A walking LEGO© MINDSTORMS with pneumatically-driven legs
Creating a walking LEGO robotic crab is no easy task, but Carter Payne was up to it. A veteran of Tufts University’s Center for Engineering Educational Outreach’s Summer LEGO Program, Carter was well versed in building with LEGO MINDSTORMS components and programming with ROBOLAB software. After two summers of building ramp climbers, line followers, and mini golf obstacles, this eighth grader was looking for a new challenge.
“Last year, I had this idea for a cool walking machine. This year, I decided I wanted to build something that had more articulated walking.”
Popeye (so named because the eyes fall off) is a fully automated construction powered by a single RCX. The crab has 6 legs that achieve locomotion by moving 3 legs at a time in a triangle pattern. Over 36 hours of building time went into the creation of the crab with the bulk of time being spent on the design of the legs.
“I tried a lot of different designs for the legs,” notes Carter. The final design was inspired by a lizard he saw on TV. Each leg consists of 2 pneumatic cylinders – a smaller one which extends the leg and a second, larger one that provides the push for the locomotion. LEGO wheel hubs were used to act as feet and provide the right amount of friction and balance. A series of 4 switches controls the flow of air to the 12 pneumatic cylinders in the 6 legs.
“I wanted it to be fully automated.” To achieve automation, Carter used 2 rotation sensors and 2 motors to control a lever that works to physically trigger the switches for his pneumatic leg configuration. The whole pneumatic system is powered by 2 pneumatic cylinders (driven by 4 motors) connected to 3 air tanks. The springs were removed from the 2 pneumatic cylinders to increase the ease and efficiency of pumping. The program, written in ROBOLAB, which controls the automated system, is pretty straightforward. One task continuously runs the motors that drive the pneumatic cylinders that fill the air tanks, while the other task runs the motors (based on the rotation sensor settings) that activate the switches.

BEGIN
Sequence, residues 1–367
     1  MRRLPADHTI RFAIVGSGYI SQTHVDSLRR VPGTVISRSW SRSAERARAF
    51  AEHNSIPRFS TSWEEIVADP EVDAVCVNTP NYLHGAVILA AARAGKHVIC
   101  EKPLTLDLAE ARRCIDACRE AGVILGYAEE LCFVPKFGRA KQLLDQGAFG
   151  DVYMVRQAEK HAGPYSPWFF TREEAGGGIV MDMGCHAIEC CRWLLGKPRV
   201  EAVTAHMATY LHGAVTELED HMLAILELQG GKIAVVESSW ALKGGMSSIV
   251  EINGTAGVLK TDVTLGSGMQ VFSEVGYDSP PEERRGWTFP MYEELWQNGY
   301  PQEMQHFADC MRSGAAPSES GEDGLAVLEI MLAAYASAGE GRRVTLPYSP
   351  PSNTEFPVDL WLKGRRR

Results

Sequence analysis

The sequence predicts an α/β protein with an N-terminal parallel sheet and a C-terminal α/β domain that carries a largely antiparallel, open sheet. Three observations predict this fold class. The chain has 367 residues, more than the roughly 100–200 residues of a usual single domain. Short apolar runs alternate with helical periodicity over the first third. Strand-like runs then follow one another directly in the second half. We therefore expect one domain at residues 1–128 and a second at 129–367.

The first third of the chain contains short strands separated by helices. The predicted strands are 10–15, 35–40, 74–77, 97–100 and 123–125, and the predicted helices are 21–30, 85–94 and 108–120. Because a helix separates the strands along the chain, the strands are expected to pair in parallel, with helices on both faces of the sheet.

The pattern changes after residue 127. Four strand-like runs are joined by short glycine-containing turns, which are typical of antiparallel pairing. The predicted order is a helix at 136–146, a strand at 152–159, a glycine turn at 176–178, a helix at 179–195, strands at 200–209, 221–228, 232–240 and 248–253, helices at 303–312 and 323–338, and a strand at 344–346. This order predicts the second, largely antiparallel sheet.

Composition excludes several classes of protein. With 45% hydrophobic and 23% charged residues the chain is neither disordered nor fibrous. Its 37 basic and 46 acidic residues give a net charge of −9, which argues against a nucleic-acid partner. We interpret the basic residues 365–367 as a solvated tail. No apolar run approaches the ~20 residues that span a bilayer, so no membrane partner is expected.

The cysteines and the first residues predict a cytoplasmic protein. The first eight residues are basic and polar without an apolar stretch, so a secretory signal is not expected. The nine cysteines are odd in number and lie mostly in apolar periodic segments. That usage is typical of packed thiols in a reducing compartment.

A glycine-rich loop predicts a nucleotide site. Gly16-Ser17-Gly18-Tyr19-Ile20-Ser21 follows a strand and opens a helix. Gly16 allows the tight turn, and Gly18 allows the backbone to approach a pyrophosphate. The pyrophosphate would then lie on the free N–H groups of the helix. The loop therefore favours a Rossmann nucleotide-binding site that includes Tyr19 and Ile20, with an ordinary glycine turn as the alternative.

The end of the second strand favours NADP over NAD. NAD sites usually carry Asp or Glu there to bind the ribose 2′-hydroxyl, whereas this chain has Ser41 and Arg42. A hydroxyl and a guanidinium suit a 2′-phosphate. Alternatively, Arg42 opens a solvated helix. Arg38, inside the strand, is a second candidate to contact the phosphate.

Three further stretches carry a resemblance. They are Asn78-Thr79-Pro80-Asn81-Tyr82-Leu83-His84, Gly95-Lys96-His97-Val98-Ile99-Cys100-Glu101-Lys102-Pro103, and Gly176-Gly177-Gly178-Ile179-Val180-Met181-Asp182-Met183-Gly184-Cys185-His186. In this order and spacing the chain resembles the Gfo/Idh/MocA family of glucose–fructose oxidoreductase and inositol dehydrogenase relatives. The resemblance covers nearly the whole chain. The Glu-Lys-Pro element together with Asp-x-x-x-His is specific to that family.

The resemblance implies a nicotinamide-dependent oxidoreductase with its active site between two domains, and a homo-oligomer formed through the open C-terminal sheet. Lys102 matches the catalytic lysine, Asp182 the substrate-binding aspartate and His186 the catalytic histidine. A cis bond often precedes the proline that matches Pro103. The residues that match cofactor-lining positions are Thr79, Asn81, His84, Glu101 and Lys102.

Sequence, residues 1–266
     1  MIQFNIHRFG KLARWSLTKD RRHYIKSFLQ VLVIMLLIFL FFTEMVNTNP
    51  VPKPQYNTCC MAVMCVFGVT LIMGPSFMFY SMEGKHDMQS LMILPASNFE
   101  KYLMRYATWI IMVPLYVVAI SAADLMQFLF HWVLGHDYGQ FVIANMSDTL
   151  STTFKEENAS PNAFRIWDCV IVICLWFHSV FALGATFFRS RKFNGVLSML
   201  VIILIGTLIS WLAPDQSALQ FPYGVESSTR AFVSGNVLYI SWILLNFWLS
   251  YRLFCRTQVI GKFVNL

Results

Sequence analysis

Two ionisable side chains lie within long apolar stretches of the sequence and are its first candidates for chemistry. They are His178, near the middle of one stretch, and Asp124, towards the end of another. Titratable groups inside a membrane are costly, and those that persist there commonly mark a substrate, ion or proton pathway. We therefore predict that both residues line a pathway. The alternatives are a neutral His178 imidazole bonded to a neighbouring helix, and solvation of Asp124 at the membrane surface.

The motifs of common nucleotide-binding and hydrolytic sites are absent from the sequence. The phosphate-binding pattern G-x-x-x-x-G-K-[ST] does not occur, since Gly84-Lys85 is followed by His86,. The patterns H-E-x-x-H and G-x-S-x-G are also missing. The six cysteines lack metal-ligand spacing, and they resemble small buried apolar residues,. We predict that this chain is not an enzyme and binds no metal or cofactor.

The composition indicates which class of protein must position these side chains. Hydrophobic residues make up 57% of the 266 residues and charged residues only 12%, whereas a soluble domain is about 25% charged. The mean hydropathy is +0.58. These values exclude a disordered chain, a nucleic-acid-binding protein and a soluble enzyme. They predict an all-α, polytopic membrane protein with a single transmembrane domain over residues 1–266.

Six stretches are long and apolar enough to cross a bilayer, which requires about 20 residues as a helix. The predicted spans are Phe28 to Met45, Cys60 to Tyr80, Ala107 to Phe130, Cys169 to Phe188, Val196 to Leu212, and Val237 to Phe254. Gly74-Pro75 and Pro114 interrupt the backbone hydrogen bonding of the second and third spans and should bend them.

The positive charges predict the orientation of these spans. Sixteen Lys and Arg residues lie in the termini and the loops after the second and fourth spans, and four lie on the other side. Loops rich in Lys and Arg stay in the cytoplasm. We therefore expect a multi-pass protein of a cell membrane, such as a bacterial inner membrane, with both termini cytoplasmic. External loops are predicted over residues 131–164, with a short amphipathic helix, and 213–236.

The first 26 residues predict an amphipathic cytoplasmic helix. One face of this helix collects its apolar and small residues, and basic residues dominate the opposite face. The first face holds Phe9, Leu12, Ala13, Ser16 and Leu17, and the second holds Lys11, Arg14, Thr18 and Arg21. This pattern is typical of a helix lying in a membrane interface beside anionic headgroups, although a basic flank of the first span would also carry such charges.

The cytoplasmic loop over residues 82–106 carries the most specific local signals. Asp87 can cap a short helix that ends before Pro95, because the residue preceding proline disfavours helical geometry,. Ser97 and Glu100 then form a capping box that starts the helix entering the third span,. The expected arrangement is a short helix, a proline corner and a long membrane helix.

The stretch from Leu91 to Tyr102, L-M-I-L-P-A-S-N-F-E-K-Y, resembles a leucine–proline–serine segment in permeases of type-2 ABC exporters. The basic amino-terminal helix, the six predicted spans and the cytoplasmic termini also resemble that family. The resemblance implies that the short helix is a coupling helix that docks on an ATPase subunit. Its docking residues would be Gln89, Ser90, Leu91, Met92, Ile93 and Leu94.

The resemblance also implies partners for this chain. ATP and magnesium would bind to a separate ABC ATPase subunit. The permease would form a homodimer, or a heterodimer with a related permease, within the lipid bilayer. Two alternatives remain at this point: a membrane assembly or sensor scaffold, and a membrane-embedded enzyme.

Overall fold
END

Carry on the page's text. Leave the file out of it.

TYPE: LEGO MINDSTORMS
CREATOR: Carter Payne
MICROCONTROLLER: LEGO RCX
PROGRAMMING LANGUAGE: ROBOLAB
KEY COMPONENTS: 1 LEGO RCX controller, 14 LEGO pneumatic cylinders, 6 LEGO 9-volt motors with gear reduction
COMPONENTS AVAILABLE FROM: LEGO Education (www.legoeducation.com)
INSIDE THE LEGO RCX
The LEGO RCX is a LEGO brick with an embedded microprocessor (Hitachi H8). The RCX has 3 motor ports, 3 input ports as well as an inferred port. The inputs can read data such as the robot’s temperature, rotation, light or contact via touch sensors. The RCX can use a sensor adapter module developed to accommodate many off-the-shelf sensors that require a 5 volt excitation and returns a 0-5 volt signal to the RCX. Powered by 6 AA batteries, the RCX makes autonomous robotics possible for children as young as five and for hobbyists who want to spend more time building and less time soldering. For more information on the RCX visit Kekoa Proudfoot’s excellent page on the RCX internals (http://graphics. stanford.edu/kekoa/rcx/).
The lumbering creation is a sight to behold at 14 inches long and 12 inches tall. Carter had originally thought it might be the size of a real crab but his desire to use pneumatics dictated otherwise. Moving only an inch or so a minute, Popeye certainly won’t win any races; but he’s definitely a mechanical LEGO marvel and a credit to the innovation and persistence of his creator.
www.legoeducation. com, (866) 349-5346
Center For Engineering Educational Outreach
http://www.ceeo.tufts.edu, (617) 627-5888
Words by Merredith Portsmore